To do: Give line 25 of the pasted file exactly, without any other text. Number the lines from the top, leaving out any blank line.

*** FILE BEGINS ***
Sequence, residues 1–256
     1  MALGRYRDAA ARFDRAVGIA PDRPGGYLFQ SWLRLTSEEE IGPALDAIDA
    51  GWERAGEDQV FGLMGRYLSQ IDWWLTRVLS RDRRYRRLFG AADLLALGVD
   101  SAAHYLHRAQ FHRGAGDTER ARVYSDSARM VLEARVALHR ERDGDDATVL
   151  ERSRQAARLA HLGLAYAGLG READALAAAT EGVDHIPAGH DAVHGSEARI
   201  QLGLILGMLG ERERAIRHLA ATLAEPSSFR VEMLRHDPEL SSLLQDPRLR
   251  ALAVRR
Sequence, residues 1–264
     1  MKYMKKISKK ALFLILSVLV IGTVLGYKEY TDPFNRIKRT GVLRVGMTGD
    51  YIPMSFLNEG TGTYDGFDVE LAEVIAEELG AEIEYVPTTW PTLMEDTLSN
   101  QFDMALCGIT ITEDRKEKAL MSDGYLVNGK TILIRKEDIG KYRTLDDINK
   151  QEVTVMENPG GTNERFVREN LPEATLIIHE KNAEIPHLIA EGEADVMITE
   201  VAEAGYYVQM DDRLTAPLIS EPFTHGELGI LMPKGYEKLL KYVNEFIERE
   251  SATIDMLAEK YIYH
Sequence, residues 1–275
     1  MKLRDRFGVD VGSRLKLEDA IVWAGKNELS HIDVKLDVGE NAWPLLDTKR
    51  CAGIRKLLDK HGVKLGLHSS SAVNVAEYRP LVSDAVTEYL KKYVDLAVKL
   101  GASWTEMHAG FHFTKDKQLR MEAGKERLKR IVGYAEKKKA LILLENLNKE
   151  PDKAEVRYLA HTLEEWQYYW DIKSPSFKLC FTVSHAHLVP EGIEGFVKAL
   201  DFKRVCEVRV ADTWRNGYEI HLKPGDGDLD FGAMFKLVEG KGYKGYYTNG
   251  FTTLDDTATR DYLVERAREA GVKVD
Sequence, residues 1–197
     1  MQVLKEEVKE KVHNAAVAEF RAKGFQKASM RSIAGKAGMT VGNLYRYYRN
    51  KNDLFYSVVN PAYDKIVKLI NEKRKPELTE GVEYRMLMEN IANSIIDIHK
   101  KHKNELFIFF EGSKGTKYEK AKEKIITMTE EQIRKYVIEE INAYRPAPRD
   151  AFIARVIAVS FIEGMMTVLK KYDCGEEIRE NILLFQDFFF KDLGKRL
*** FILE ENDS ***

   101  KHKNELFIFF EGSKGTKYEK AKEKIITMTE EQIRKYVIEE INAYRPAPRD